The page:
Modeling with the Semantic Web in the Geosciences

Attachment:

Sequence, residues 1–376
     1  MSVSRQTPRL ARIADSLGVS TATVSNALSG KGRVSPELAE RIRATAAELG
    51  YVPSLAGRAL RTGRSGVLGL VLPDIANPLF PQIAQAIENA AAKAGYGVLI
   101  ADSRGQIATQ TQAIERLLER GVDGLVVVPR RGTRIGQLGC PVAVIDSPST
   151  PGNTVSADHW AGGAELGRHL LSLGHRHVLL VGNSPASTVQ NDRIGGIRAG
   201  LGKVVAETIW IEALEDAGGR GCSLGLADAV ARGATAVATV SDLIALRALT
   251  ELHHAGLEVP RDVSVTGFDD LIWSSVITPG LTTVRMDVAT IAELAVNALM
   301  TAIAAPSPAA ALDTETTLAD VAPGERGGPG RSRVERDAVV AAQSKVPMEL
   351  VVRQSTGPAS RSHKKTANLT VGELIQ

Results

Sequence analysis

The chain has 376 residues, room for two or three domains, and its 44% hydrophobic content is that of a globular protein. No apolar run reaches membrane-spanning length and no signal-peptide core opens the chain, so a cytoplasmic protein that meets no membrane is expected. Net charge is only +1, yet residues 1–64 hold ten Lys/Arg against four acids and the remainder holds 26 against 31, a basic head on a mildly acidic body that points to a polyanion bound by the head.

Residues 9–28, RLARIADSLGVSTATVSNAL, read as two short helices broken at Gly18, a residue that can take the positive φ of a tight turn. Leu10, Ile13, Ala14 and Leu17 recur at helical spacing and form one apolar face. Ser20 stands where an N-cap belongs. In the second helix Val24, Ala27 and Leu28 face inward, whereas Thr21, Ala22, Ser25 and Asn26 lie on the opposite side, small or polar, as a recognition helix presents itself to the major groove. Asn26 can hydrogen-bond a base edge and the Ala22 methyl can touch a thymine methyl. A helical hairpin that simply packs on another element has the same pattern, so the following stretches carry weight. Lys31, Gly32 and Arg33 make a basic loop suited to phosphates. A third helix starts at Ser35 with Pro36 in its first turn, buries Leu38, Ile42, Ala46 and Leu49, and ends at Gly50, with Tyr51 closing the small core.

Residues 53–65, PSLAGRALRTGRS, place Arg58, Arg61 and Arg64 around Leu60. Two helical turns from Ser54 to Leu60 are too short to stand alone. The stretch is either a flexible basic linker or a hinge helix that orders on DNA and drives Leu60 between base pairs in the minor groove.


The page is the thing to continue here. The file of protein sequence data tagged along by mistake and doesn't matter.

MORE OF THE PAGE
Earth system science deals with complex systems that pose many significant representation challenges. As depicted in the classic Bretherton diagram of biospheric cycles (Figure 1), modeling the earth system involves numerous interacting components, each of which can be further dissected into sub-components that are studied by specialists in a wide range of disciplines. From this description, problems of both model interoperability and the model simulator interoperability already become evident. Given the complexity of the task and the number of research groups and individuals involved, there exist a wide diversity of modeling approaches, such as models based on differential equations or stochastic methods, that make not only the interoperation of model specifications difficult but the intercomparison of the structure and results of similar models as well, as is evident in the work undertaken by The Global Analysis, Integration and Modeling Task Force (GAIM) (for an example see1). Similarly, in terms of simulator interoperability there is also a wide range programming languages and software in which models are developed, making it difficult to couple a FORTRAN model of thermohaline circulation with an ice sheet model in C++.